Diazoxide (Hyperstat) is chemically similar to the thi-azide diuretics. It is devoid of diuretic activity and causes NA+ and water retention. Diazoxide is a very po-tent vasodilator and is available only for intravenous use in the treatment of hypertensive emergencies. The mechanism by which diazoxide relaxes vascular smooth muscle is related to its ability to activate potassium channels and produce a hyperpolarization of the cell membrane.
Diazoxide lowers blood pressure within 3 to 5 minutes after rapid intravenous injection, and its duration of ac-tion may be 4 to 12 hours. Interestingly, if diazoxide is either injected slowly or infused its hypotensive action is quite modest. This is believed to be due to a rapid and extensive binding of the drug to plasma proteins. Both the liver and kidney contribute to its metabolism and excretion. The plasma half-life is therefore prolonged in patients with chronic renal failure.
The hemodynamic effects of diazoxide are similar to those of hydralazine and minoxidil. It produces direct relaxation of arteriolar smooth muscle with little effect on capacitance beds. Since it does not impair cardiovas-cular reflexes, orthostasis is not a problem. Its adminis-tration is, however, associated with a reflex increase in cardiac output that partially counters its antihyperten-sive effects. Propranolol and other β-blockers potenti-ate the vasodilating properties of the drug. Diazoxide has no direct action on the heart. Although renal blood flow and glomerular filtration may fall transiently, they generally return to predrug levels within an hour.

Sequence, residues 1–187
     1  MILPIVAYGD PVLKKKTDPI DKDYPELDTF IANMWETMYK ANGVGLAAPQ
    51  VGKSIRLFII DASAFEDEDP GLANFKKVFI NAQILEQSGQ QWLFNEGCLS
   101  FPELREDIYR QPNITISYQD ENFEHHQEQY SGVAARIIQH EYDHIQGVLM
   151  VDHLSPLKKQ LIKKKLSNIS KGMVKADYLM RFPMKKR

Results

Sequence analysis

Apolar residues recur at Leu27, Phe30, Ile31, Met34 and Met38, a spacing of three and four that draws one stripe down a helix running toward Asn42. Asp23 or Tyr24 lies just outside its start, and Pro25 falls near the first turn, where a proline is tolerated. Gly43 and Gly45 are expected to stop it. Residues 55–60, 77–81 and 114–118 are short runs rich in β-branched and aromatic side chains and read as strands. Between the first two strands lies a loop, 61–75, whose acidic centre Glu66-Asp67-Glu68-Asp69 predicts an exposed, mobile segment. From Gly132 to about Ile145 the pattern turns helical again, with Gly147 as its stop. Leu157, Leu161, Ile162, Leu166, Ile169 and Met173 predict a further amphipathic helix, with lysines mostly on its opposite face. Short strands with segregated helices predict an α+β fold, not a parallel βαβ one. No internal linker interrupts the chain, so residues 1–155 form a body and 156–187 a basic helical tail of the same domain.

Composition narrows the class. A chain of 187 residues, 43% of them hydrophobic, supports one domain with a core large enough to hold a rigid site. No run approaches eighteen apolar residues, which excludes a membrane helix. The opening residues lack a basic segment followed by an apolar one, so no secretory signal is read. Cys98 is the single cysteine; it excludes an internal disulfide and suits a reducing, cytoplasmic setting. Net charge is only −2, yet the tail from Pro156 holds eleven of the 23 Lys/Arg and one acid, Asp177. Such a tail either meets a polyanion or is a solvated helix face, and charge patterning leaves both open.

Diazoxide is administered intravenously for the treat-ment of hypertensive emergencies, particularly malig-nant hypertension, hypertensive encephalopathy, and eclampsia. It is effective in 75 to 85% of the patients to whom it is administered and rarely reduces blood pres-sure below the normotensive range.
In patients with coronary insufficiency, a β-blocker can be given in conjunction with diazoxide to decrease the cardiac work associated with reflex increases in sym-pathetic stimulation of the heart. However, β-blockers potentiate the hypotensive effect of diazoxide, and therefore, the dose of the vasodilator should be low-ered. The dose of diazoxide should also be lowered if the patient has recently been treated with guanethidine or another drug that depresses the action of the sympa-thetic nervous system. Such drugs permit a greater hy-potensive effect because they reduce the increase in cardiac output that normally partially counteracts the fall in pressure.
Diazoxide appears to have a direct antinatriuretic action. This direct action, coupled with the neuroen-docrine reflexes that are activated by a decrease in pe- ripheral vascular resistance, leads to severe retention of NA+ and water. Since tolerance to diazoxide can de-velop rapidly, it is frequently administered in conjunc-tion with a diuretic.
Since diazoxide is not often used for long-term treat-ment, toxicities associated with chronic use are rare.The chief concern is the side effects associated with the in-creased workload on the heart, which may precipitate myocardial ischemia and NA+ and water retention. These undesirable effects can be controlled by concur-rent therapy with a β-blocker and a diuretic.
Diazoxide may cause hyperglycemia, especially in diabetics, so if the drug is used for several days, blood glucose levels should be measured.
When used in the treatment of toxemia, diazoxide may stop labor, because it relaxes uterine smooth muscle.
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